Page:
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LordNightwinter

DMing for the New Guy

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Being a DM or GM can be difficult at times, but also rewarding. It takes some imagination, patience, and a dash of masochism at times depending on your players. When I started out I was awkward and unsure of myself and I had a very basic grasp on the rules of 1st edition Dungeons and Dragons. During my first session I was a nervous bundle of “Um”, “Let me look that up”, and “I don’t know just roll me something!” and all of that is to be expected. Nineteen years later I can quote rules straight from the book and run a very successful and memorable (at least that’s what my players tell me) campaign from level 1 to level 14 without sitting down to plan or prepare.


So new we down to the point, here are some tips for the new guy running a campaign. I’ve compiled a list of blurbs and advice that I’ve given out to my players as they’ve branched out and begun to form their own satellite gaming groups out there in the world.



  • 1.) Your campaign will not follow the ‘tracks’ you lay. No matter how much you try your characters WILL find a way to either derail you or break everything you’ve had planned. So what do you do? Put an impromptu path down that leads to almost the same scenario, redress it and remake it to fit what your characters end up doing. That way you don’t lose your work and your characters don’t feel as if they’re in a video game following a pre-set path.
  • 2.) Improvise! If your characters spend an entire hour debating in character about a murder mystery and have come up with a viable solution or scenario there’s nothing wrong with adjusting the campaign to reflect it just to give them that big morale boost.
  • 3.) Don’t improvise! On the same note as above if your player character’s solution doesn’t seem right sometimes you have to give it to them straight. It can keep things interesting, but make sure to balance it out with a few wins, drop them a hint or two. Sometimes you win sometimes you lose.
  • 4.) Flavor text can make a game but don’t go all Stephen King on them. There have been some campaigns or scenarios where I have started off with a blurb of flavor text, usually involving the same god that always gets them into trouble. I got a standing ovation from them one time. It was hilarious and touching at the same time.
  • 5.) Re-skin things to keep it interesting. Killing kobolds, higher level kobolds, then even higher level kobolds can get very tiresome. Give them something different but in flavor only. Use stats from the monster manual but throw a new monster at them. For example, change the fire beetle’s damage to cold and turn it into a lizard.
  • 6.) Throw different terrain at them. Sometimes your average dungeon is a great setting but dungeon after dungeon gets boring. Give them an underground jungle lit by an odd floating orb that represents the moon and sun. Give them a series of ships lashed together after an orc raid burned a string of fishing villages, sort of a floating village turned abandoned floating dungeon. Give them a series of tunnels carved into a glacier.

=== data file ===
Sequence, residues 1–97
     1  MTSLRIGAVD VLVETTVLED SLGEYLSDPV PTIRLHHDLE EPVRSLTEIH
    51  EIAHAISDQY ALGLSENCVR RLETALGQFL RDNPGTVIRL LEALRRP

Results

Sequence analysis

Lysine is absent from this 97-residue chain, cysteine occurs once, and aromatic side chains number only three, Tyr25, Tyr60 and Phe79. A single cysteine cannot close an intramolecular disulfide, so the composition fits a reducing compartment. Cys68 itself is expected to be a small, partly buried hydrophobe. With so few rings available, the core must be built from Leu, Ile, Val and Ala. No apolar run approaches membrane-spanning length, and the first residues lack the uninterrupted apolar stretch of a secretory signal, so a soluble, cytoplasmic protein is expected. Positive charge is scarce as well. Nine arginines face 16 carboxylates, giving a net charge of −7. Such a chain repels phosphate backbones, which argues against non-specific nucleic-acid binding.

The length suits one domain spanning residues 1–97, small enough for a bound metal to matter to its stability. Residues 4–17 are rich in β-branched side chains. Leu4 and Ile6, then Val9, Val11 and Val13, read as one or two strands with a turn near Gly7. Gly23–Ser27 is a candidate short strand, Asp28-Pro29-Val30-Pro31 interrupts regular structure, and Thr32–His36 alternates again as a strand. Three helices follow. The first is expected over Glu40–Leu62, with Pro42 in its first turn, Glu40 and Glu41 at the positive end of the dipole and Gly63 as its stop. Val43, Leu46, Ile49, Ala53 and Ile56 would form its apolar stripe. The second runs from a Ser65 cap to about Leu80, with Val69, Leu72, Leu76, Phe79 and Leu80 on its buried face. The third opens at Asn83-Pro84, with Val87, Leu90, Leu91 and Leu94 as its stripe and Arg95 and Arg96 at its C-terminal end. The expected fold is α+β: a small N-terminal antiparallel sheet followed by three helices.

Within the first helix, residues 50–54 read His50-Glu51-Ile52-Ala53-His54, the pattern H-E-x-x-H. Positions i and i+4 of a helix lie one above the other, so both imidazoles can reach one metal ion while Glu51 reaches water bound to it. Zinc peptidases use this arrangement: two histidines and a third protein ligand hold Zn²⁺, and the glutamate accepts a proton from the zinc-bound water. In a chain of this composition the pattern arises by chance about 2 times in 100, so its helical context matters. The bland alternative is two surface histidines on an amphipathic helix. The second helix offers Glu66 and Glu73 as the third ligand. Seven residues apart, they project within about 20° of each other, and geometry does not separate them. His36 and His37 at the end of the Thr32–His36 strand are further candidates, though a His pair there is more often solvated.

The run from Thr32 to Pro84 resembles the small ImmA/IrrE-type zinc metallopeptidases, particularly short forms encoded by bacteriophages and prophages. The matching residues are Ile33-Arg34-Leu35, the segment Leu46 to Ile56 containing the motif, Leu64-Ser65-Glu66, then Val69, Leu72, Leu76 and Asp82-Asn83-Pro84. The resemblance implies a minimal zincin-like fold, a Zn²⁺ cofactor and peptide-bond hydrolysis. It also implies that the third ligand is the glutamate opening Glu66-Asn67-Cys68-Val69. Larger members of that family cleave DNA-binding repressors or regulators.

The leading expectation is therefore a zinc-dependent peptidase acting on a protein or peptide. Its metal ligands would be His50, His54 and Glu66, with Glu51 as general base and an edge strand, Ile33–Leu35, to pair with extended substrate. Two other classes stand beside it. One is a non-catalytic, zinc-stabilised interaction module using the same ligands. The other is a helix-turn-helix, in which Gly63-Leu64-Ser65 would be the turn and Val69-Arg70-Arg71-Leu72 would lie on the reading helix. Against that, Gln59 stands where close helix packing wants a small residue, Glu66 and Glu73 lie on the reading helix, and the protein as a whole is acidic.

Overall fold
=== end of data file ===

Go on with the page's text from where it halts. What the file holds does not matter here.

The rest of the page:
• 7.) Have a reoccurring villain. Have a villain that keeps popping up and causing trouble. Maybe he gets away, maybe he doesn’t. Maybe his dark masters resurrect him, maybe he reanimates using ancient magic he pilfered for just such an occasion. Have him turn up as a diplomat working for a rival city which grants him immunity and lets him scheme and plot with relatively few consequences. Eventually your characters will kill this villain, but who’s to say his employers won’t send another of their agents after the party in retribution.
  • 8.) Have the characters meet themselves. From time to time my players decide they want to start over or we side track when another DM takes over. Sometimes we just decide it’s been long enough and we need to start over. If that happens then bring a memorable character to bear as an NPC! Unless the character is retired make sure that the owner is cool with that. Be respectful to their characters. A powerful wizard is not going to just give his magic staff away. However if the characters perform an astounding service for him, or find him a replacement that’s another story.
  • 9.) Follow the rules but be ready to bend and break them. The rules of any given system cannot cover everything. That would be impossible. So be ready to fudge a few rolls and make some things up on the fly. There have been several times when I’ve made up a ‘luck roll’ behind the screen using percentile dice and an arbitrary number depending on what the characters are trying to do.
  • 10.) Player vs. Player never turns out well. I do not pit characters against one-another. Even if I did I would not do it without the consent of the entire group. Before running through a scenario such as this I make sure to talk to my group and make sure they’re comfortable with it. Inevitably it can have consequences.
  • 11.) As the DM you’re not there for WINNING, WINNING. Your job is to spin the tale and stimulate the player’s minds. Give them something to think about. A puzzle, a scenario, a murder mystery, or a good old-fashioned dungeon run. Your ultimate goal is not a TPK (Total Party Kill).
  • 12.) Above all else, have fun! You and your characters are there to have fun, which is the bottom line to playing these games. You’re there to socialize and imagine yourselves in a faraway land doing incredible things.

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